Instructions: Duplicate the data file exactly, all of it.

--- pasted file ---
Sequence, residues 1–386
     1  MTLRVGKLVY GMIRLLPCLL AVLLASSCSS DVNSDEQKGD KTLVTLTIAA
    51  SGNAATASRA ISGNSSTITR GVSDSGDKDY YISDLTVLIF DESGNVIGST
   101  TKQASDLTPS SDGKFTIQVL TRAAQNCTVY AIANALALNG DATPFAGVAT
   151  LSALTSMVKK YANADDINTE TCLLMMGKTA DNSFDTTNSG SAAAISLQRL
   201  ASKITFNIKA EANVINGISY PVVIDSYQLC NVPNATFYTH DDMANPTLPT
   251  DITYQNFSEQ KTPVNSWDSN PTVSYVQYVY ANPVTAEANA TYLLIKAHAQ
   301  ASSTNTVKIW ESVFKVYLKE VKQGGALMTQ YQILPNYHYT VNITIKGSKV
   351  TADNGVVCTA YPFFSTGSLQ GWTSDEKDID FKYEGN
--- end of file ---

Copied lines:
Sequence, residues 1–386
     1  MTLRVGKLVY GMIRLLPCLL AVLLASSCSS DVNSDEQKGD KTLVTLTIAA
    51  SGNAATASRA ISGNSSTITR GVSDSGDKDY YISDLTVLIF DESGNVIGST
   101  TKQASDLTPS SDGKFTIQVL TRAAQNCTVY AIANALALNG DATPFAGVAT
   151  LSALTSMVKK YANADDINTE TCLLMMGKTA DNSFDTTNSG SAAAISLQRL
   201  ASKITFNIKA EANVINGISY PVVIDSYQLC NVPNATFYTH DDMANPTLPT
   251  DITYQNFSEQ KTPVNSWDSN PTVSYVQYVY ANPVTAEANA TYLLIKAHAQ
   301  ASSTNTVKIW ESVFKVYLKE VKQGGALMTQ YQILPNYHYT VNITIKGSKV
   351  TADNGVVCTA YPFFSTGSLQ GWTSDEKDID FKYEGN